An update on infantile haemangiomas


With a prevalence of 4–6%, infantile haemangiomas (IH) represent the most common vascular tumours in infancy. While most IH tend to resolve spontaneously, some can cause life-threatening complications, undergo painful ulceration or lead to permanent disfigurement. The past years have witnessed considerable advances in our understanding of pathogenesis, clinical presentation and therapy of IH: both abnormal angiogenesis and vasculogenesis contribute to the neovascularization in IH. Hypoxia has been identified as an important stimulus for angiogenesis.[1] Abnormal signalling via vascular endothelial growth factor (VEGF) receptors on haemangioma stem cells[2, 3] directs their proliferation and differentiation.

Many different clinical forms of IH have been separated. The glucose transporter 1 (GLUT1) has been identified as the key antigen for the differentiation between IH (where it is expressed throughout all developmental stages) and other vascular tumours or malformations,[4] and also helps to differentiate IH from congenital haemangiomas. Segmental haemangiomas represent a distinct subgroup of IH frequently associated with vascular, cardiac and other anomalies[5] that require careful screening investigations.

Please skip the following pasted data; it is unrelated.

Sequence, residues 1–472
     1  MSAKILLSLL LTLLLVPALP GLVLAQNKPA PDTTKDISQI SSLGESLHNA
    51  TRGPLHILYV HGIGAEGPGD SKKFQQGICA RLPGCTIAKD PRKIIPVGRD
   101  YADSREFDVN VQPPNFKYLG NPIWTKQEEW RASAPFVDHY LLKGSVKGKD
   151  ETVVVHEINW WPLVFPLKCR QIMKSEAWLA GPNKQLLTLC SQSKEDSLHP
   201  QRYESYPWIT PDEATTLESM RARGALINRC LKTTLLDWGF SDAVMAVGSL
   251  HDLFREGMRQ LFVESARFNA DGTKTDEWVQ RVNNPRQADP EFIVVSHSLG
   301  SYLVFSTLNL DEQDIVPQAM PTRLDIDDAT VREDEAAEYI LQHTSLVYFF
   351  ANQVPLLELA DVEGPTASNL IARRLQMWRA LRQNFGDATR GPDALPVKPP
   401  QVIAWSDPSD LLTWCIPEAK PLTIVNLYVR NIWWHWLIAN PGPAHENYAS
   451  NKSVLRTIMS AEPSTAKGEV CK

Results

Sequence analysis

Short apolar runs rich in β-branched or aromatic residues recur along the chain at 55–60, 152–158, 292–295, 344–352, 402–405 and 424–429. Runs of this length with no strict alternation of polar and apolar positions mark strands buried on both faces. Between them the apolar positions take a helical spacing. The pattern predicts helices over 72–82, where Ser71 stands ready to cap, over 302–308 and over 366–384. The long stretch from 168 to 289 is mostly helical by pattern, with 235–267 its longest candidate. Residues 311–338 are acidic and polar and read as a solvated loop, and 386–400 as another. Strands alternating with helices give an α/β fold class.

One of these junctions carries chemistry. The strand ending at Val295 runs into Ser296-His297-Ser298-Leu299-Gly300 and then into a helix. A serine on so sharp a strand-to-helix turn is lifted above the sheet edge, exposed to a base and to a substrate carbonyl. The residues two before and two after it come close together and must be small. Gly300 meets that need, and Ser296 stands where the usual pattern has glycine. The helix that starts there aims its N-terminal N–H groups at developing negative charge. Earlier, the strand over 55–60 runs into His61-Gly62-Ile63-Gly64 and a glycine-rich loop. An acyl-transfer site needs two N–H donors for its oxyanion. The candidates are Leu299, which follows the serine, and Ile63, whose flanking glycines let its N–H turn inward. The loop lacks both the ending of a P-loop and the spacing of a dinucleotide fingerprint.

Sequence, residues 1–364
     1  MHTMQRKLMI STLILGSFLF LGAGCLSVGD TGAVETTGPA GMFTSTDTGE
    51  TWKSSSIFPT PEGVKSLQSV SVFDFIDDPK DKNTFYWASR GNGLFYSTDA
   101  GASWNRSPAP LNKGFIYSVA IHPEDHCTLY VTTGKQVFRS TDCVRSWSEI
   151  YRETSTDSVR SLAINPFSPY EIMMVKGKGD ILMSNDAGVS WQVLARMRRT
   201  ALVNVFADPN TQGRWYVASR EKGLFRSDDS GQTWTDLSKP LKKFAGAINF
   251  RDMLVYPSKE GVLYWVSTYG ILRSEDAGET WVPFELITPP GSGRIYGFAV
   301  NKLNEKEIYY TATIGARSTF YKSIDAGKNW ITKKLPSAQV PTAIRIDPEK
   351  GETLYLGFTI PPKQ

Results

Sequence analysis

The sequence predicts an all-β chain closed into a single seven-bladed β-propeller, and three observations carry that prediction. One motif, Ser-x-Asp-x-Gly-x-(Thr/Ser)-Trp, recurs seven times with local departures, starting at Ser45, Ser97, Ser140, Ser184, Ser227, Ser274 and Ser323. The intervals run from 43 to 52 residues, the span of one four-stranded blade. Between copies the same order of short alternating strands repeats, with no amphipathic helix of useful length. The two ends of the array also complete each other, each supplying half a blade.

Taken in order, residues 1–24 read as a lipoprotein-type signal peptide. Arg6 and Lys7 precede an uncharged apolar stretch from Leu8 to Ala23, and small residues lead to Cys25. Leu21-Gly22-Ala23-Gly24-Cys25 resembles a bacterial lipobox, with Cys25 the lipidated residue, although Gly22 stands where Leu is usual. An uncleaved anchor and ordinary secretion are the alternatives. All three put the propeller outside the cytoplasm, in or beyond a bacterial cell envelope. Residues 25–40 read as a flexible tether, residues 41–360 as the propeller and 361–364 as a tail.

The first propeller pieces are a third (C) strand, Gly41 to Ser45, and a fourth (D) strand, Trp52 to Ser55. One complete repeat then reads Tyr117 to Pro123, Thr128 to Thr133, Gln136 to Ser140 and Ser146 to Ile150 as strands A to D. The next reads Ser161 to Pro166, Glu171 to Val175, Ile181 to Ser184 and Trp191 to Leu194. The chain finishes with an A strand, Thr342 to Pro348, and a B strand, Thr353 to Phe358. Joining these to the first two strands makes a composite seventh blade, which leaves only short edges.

The most amazing advance in recent years, however, was the serendipitous discovery of the beneficial effects of propranolol in the proliferative phase of IH,[6] which has revolutionized their therapy. With a response rate of 98% even in the most complicated types of IH, and a very good safety record,[7] it has become the mainstay of therapy, replacing (or marginalizing) former ‘standard’ treatment options such as corticosteroids or laser procedures (much to the regret of many laserologists).

In this first collection of scholarly reviews Dr Shoshana Greenberger and Professor Joyce Bischoff[8] bring us up to date with what is known about the major cell types in IH and the molecular pathways that appear to play a role in haemangiogenesis. Dr Minnelly Luu and Professor Ilona Frieden[9] review the natural history, specific growth characteristics and potential complications associated with IH, in order to aid decisions on whom and when to treat.


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    Dr Hoeger qualified in medicine from the University of Kiel (Germany). He is head of the Departments of Paediatrics and Paediatric Dermatology at Wilhelmstift Children’s Hospital in Hamburg, Academic Teaching Hospital of the University of Lübeck, and Honorary Professor of Paediatrics and Dermatology with the University of Hamburg. His research interests are in neonatal dermatology, skin physiology and topical therapy, vascular disorders and cutaneous infectious diseases.